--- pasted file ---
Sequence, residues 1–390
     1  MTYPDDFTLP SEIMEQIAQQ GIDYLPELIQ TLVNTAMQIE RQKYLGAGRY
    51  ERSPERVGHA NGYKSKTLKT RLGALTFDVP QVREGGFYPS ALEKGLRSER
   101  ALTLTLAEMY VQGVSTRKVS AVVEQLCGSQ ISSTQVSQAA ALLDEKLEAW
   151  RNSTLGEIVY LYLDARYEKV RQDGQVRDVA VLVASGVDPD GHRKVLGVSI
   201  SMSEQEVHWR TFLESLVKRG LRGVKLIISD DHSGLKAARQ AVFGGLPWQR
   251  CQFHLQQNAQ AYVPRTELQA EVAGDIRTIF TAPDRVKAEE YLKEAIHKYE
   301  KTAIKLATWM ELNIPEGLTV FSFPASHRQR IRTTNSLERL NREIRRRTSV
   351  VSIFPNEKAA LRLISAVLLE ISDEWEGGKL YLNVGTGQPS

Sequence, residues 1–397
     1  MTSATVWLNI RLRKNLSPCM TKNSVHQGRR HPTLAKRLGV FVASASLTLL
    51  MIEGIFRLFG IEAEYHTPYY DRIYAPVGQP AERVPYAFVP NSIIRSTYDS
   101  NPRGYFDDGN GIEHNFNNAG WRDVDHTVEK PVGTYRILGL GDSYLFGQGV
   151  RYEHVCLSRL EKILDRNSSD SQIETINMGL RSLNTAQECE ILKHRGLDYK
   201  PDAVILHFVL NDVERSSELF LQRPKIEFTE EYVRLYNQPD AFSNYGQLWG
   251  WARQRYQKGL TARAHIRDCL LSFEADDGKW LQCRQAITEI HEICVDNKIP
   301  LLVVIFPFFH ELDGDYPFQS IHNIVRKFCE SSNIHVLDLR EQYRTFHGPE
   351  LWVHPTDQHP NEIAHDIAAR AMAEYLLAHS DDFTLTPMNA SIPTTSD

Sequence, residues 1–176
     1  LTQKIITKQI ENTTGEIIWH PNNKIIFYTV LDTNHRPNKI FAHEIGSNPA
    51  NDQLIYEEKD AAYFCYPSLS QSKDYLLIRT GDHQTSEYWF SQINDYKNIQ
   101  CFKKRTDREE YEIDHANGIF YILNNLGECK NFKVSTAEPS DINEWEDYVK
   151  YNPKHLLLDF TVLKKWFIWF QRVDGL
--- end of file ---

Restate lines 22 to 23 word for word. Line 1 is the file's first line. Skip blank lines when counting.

   101  CFKKRTDREE YEIDHANGIF YILNNLGECK NFKVSTAEPS DINEWEDYVK
   151  YNPKHLLLDF TVLKKWFIWF QRVDGL